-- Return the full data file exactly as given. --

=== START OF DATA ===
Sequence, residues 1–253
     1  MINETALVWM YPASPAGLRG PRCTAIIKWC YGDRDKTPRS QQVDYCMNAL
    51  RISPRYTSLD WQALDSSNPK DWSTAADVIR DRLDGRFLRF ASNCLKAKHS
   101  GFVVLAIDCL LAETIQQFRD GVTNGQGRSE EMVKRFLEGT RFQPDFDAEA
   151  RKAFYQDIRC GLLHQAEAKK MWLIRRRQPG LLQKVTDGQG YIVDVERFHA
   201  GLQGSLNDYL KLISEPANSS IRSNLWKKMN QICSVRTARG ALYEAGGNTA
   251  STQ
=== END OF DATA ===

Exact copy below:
Sequence, residues 1–253
     1  MINETALVWM YPASPAGLRG PRCTAIIKWC YGDRDKTPRS QQVDYCMNAL
    51  RISPRYTSLD WQALDSSNPK DWSTAADVIR DRLDGRFLRF ASNCLKAKHS
   101  GFVVLAIDCL LAETIQQFRD GVTNGQGRSE EMVKRFLEGT RFQPDFDAEA
   151  RKAFYQDIRC GLLHQAEAKK MWLIRRRQPG LLQKVTDGQG YIVDVERFHA
   201  GLQGSLNDYL KLISEPANSS IRSNLWKKMN QICSVRTARG ALYEAGGNTA
   251  STQ